That "pull" is gone now. That feeling that used to inevitably creep into your brain telling you, "Stop, drop and roll. It's time to watch three consecutive hours of Lions football" is a thing of the past. Sunday is a day for the cider mill now. It's a day for hitting golf balls or catching a flick. Even if you find it necessary to watch TV, the other options are far more satisfying than another Lions' stinker. There's the AFC game on CBS. There's the highly underrated PBA tourney on ESPN. I'll even go so far as to flip on CBC and watch a healthy matinée dose of Raptors' basketball. After the triumvirate of Mornhinweg, Mariucci, and Marinelli produced one of the sickest runs of futility in the history of professional sports, what choice were we really left with? Were we supposed to blindly continue to devote precious chunks of our Sunday to watch a rookie QB throw ducks into the wind? To watch mooks like William James and Eric King unsuccessfully try to impersonate real-life NFL cornerbacks? Even if we moved past all that, and decided to subject ourselves to this horror, most of the home games are blacked out due to dwindling home crowds that are no longer measured in thousands, but in dozens.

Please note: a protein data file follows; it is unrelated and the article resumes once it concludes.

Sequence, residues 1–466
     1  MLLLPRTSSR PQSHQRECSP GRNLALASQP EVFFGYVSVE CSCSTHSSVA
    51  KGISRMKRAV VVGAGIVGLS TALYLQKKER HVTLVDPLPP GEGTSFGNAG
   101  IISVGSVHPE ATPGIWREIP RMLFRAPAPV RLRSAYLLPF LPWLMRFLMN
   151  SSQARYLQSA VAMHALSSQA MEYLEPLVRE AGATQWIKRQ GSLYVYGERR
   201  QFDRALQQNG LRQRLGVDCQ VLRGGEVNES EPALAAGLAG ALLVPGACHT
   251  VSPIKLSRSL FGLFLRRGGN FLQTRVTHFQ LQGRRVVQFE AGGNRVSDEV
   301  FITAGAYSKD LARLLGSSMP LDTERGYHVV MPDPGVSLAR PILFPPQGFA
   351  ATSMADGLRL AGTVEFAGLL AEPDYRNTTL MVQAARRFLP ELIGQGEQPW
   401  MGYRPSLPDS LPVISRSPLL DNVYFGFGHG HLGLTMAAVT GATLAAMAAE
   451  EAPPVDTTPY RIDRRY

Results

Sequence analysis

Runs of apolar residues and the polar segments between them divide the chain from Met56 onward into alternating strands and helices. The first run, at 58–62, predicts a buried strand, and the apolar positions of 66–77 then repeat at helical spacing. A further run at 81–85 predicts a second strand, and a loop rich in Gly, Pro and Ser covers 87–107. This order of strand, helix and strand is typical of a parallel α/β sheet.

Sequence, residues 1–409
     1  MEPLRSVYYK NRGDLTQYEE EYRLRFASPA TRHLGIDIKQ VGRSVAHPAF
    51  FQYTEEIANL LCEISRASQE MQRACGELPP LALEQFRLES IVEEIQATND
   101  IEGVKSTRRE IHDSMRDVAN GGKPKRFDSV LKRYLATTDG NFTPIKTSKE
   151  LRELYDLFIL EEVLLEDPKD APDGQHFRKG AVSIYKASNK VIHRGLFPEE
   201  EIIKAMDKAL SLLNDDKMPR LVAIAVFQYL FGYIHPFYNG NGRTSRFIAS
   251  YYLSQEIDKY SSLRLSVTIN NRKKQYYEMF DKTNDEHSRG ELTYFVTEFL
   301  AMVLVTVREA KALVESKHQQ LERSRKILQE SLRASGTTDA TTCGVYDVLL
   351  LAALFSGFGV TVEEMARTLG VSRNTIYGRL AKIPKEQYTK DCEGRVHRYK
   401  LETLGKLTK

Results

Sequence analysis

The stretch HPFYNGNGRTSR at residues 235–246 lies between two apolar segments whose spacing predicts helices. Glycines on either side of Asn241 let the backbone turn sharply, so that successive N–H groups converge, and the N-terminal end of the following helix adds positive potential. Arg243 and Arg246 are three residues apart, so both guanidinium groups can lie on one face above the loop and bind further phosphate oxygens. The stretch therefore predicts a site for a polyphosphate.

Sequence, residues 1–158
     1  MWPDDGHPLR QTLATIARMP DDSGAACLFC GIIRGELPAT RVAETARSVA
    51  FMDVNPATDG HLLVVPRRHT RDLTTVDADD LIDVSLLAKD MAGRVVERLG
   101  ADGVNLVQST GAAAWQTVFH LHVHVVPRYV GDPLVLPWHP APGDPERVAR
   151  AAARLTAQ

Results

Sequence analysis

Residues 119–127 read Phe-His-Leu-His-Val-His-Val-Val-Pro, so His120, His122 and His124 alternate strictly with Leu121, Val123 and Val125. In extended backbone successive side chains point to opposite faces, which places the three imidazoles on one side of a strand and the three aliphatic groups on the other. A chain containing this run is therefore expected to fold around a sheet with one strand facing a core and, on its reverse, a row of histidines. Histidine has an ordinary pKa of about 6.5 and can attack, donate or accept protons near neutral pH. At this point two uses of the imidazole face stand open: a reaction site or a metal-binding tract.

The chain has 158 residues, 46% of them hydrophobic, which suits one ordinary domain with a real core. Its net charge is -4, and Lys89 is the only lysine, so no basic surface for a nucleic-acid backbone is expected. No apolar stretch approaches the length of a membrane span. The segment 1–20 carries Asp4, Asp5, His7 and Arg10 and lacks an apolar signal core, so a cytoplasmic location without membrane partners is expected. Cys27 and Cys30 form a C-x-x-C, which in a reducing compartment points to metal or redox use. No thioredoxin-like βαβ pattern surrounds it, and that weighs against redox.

To watch the Leos now, you have to be willing to get dirty. My buddy BK, perhaps the most die-hard Lions fan in the state, spends his Sunday afternoons hacking bootleg websites and streaming fuzzy pictures to his computer. God forbid he misses one of those riveting Casey Fitzsimmons 3-yard catches or the similarly timeless Cliff Avril 15-yard facemask penalties. You gotta respect BK's desire and undying loyalty, but at the same time, you worry that this kind of behavior can only end in disaster, with the next Nick Harris 28-yard shank job sending him right over the edge and into a lifetime catatonic state that could only be cracked with a Lions' Super Bowl appearance. Somebody better go unplug that modem...immediately.